Teaching your kids about credit at an early age can help them understand more about money matters down the road. Children are curious creatures and they understand more at their young age than we tend to give them ‘credit‘ for. So just like good values and moral behaviour, why not start talking about how to use credit responsibly as early as possible?
I was out with my daughter looking around and she asked if we could go into a nearby store to buy something… anything. I told her I didn’t have any cash with me so we wouldn’t be able to get anything.
She caught me off-guard when she said “But mom, you can just use your credit card, you know!”
This completely floored me at the time. Thinking back now, I should have somewhat expected it. After all, she had grown up seeing me pull out all sorts of cards to pay for items. This was ‘normal’ to her.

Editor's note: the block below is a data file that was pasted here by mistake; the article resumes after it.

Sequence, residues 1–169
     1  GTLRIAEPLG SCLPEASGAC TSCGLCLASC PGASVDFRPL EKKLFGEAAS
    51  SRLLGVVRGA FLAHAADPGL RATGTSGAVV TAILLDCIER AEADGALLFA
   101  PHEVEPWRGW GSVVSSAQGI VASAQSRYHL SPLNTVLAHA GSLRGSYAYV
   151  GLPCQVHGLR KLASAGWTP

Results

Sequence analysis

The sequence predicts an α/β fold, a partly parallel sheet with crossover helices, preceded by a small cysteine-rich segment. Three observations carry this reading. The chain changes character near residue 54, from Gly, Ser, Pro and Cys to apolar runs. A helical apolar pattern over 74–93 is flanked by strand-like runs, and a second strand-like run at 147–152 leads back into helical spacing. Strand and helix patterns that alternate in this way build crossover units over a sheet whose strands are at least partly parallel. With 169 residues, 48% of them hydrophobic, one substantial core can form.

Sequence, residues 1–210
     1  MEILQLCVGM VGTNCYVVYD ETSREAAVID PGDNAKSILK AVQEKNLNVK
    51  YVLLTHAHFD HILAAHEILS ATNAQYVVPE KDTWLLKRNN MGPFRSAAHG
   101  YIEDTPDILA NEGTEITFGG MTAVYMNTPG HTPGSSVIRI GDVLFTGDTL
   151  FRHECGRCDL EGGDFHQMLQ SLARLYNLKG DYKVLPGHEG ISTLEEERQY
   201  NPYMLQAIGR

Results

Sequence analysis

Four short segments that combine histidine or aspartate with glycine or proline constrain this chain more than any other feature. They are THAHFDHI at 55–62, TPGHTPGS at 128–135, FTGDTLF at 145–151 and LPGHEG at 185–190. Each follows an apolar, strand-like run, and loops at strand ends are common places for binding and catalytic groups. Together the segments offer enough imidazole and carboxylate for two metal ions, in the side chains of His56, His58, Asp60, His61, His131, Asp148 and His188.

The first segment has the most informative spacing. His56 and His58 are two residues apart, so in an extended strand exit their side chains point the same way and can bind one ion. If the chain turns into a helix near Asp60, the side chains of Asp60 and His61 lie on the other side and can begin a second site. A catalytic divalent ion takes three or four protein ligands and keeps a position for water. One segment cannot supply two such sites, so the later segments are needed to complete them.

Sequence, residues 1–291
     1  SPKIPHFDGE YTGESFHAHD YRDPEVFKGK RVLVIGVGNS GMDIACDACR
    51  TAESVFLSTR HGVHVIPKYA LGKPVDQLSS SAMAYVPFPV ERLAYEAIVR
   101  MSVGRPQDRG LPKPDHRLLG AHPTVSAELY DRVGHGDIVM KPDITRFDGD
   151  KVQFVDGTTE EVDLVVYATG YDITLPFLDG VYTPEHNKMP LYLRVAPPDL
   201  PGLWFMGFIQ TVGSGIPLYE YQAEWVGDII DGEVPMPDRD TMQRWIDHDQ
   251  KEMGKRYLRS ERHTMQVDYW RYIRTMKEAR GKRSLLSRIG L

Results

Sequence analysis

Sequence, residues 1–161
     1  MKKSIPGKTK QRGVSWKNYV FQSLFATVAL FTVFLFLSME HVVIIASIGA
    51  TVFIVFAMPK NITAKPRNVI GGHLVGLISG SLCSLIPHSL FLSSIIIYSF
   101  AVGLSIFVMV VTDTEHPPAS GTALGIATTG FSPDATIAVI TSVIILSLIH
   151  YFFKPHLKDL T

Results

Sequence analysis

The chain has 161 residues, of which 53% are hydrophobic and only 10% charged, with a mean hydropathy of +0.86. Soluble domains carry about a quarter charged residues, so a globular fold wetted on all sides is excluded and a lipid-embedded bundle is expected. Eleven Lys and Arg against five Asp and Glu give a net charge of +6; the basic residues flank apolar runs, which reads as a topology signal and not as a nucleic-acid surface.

My daughter is seven years old so our conversation was fairly simple. I explained it as follows:
- Credit cards are not money that we own. It is borrowed money that usually comes from a bank.
- If we use a credit card to buy anything, we have to pay it back.
- You are able to get a credit card when you show you can be responsible enough and are able to pay it back (eg. when you are legal age, have a job and show you can be trusted)
- If you don’t pay it back (or on time), there are consequences which are negative (eg. you can lose your credit card, have to pay more back, etc)
It is not uncommon to have at least one credit card in every household these days. We have come to rely on the convenience of having credit cards for things like booking hotels and online travel etc. But credit cards are not as bad as we think them to be. It’s through the responsible use and proper management of our debt which allows us to have the convenience of access to borrowed funds. When used and paid back appropriately, we are rewarded with a favourable credit history.